“With David’s case, things changed a little bit,” Sweeney said. “The initial X-rays we had were normal. We waited for swelling to go down [and] the symptoms were still persisting, so we went to have a more definitive CT scan and it did reveal a small non-displaced crack in an awkward location, so we have to give him some time. The course of action doesn’t change for him except he just needs [some] more rest.”
The injury has left Pastrnak wearing a boot. Sweeney said that there is no timetable for his return, but that the team doesn’t expect surgery to be required.
Torey Krug also missed practice on Wednesday, marking the third straight day he’s been off the ice. The Bruins have called each of Krug’s absences this week maintenance days.
Wednesday’s practice also saw Dennis Seidenberg participate in three-on-three battle drills, with Seidenberg saying after practice that he had taken contact previously in his recovery. Thursday will mark seven weeks since the surgery, which initially was expected to keep the veteran defenseman out for eight weeks.
The lines in practice were as follows:
|11.10.15 at 12:22 pm ET|
WILMINGTON — David Pastrnak and Torey Krug were both missing from the ice as the Bruins returned to practice Tuesday at Ristuccia Arena.
Pastrnak has missed the last four games with a bruised foot. With Pastrnak still out, Frank Vatrano skated on David Krejci‘s line with Loui Eriksson. Claude Julien said after the practice that Krug was given a maintenance day, but that Pastrnak’s status remains up in the air.
“He’s still not ready to go, obviously,” Julien said. “I don’t know. I haven’t heard much from our training staff, but they told me he’s not available, so it doesn’t look good I guess as we speak because of that. I was expecting him to be back today. We’ll see what comes out of that.”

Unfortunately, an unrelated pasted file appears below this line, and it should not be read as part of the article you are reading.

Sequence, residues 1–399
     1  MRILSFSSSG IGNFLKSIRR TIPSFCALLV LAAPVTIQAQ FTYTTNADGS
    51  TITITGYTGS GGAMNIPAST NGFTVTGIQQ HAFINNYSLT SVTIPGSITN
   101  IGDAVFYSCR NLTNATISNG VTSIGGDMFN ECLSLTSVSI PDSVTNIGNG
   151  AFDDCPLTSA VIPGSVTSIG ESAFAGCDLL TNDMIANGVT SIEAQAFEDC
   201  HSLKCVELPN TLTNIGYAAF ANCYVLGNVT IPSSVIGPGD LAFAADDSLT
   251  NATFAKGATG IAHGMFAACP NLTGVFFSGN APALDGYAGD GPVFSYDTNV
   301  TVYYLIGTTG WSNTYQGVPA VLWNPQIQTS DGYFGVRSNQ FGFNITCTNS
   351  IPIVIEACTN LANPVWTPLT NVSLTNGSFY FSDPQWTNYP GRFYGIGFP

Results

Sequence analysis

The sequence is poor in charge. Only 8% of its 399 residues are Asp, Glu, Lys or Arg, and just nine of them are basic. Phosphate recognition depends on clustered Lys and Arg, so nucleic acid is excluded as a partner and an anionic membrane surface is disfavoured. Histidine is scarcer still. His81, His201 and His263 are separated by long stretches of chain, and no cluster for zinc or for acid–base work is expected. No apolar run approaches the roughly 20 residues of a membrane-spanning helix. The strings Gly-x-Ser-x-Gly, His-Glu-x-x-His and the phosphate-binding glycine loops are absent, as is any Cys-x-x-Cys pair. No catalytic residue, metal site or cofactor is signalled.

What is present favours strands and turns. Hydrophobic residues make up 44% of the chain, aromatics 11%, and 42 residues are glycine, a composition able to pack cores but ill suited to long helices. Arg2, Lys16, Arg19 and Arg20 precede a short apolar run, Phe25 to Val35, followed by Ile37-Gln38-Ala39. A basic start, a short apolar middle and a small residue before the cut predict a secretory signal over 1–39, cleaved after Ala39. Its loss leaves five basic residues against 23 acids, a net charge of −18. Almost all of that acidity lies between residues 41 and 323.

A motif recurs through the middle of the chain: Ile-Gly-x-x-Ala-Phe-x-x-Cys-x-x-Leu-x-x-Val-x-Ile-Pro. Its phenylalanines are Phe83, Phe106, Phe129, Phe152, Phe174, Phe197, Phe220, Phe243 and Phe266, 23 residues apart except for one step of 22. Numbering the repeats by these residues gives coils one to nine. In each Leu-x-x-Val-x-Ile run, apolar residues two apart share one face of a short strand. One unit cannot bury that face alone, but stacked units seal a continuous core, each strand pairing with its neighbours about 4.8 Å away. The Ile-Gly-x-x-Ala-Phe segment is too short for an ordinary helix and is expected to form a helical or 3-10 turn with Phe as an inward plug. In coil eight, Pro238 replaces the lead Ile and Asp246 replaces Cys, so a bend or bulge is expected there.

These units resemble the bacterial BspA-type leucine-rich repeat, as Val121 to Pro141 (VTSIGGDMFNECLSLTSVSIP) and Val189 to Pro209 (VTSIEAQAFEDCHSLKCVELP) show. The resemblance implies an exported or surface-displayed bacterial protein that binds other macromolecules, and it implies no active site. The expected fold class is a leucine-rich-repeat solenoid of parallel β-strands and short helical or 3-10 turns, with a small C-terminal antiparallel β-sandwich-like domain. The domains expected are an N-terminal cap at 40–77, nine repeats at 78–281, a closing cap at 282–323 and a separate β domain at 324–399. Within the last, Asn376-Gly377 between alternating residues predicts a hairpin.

All other players were on the ice Tuesday. The forward lines were as follows:
The Bruins are in the middle of a three-day stretch of no game action. They had Monday off and will practice again on Wednesday before hosting the Avalanche in the first game of a five-game homestand.
|11.09.15 at 7:38 pm ET|
The Bruins sent Max Talbot to Providence on Monday evening, marking the second time this season they’ve assigned the veteran forward to the AHL.
The demotion comes after last week’s recall, which saw Talbot play three games for the B’s following Chris Kelly‘s regular-season-ending femur fracture. Talbot skated on Boston’s fourth line and killed penalties, never reaching 10 minutes of ice time in a game.
Prior to Talbot’s recall, he had played three games for Providence and recorded four assists. He was waived prior to the start of the season, which allowed the B’s to send to him to Providence on Oct. 27.
The demotion of Talbot presents good news for Frank Vatrano, who appears to be safe on Boston’s roster for the time being. The East Longmeadow native was recalled on Friday to play in place of David Pastrnak, who has missed the last four games with a bruised foot. Vatrano scored in his NHL debut Saturday night against the Canadiens.
|11.08.15 at 7:44 pm ET|
The Bruins snapped their three-game losing streak Sunday with a 2-1 victory over the Islanders at Barclays Center.
Coming off a frustrating loss to the Canadiens, the B’s jumped out to a 1-0 lead behind a Ryan Spooner goal during a first-period 5-on-3. Patrice Bergeron made it 2-0 in the second period with his fifth goal of the season.
Bergeron took a pair of penalties as well in a game that saw the B’s take seven minor penalties. Johnny Boychuk scored the Islanders’ only goal during a third-period 5-on-3 after Joonas Kemppainen was called for playing the puck with his hand on a faceoff with Kevan Miller already in the box for high-sticking.
Tuukka Rask stopped 36 of the 37 shots he saw after sitting on Saturday vs. the Canadiens.
The victory improved the B’s to 7-6-1 on the season. They’ll be out of action for the next three days before beginning a five-game homestand when they host the Avalanche Thursday at TD Garden.
|11.07.15 at 10:03 pm ET|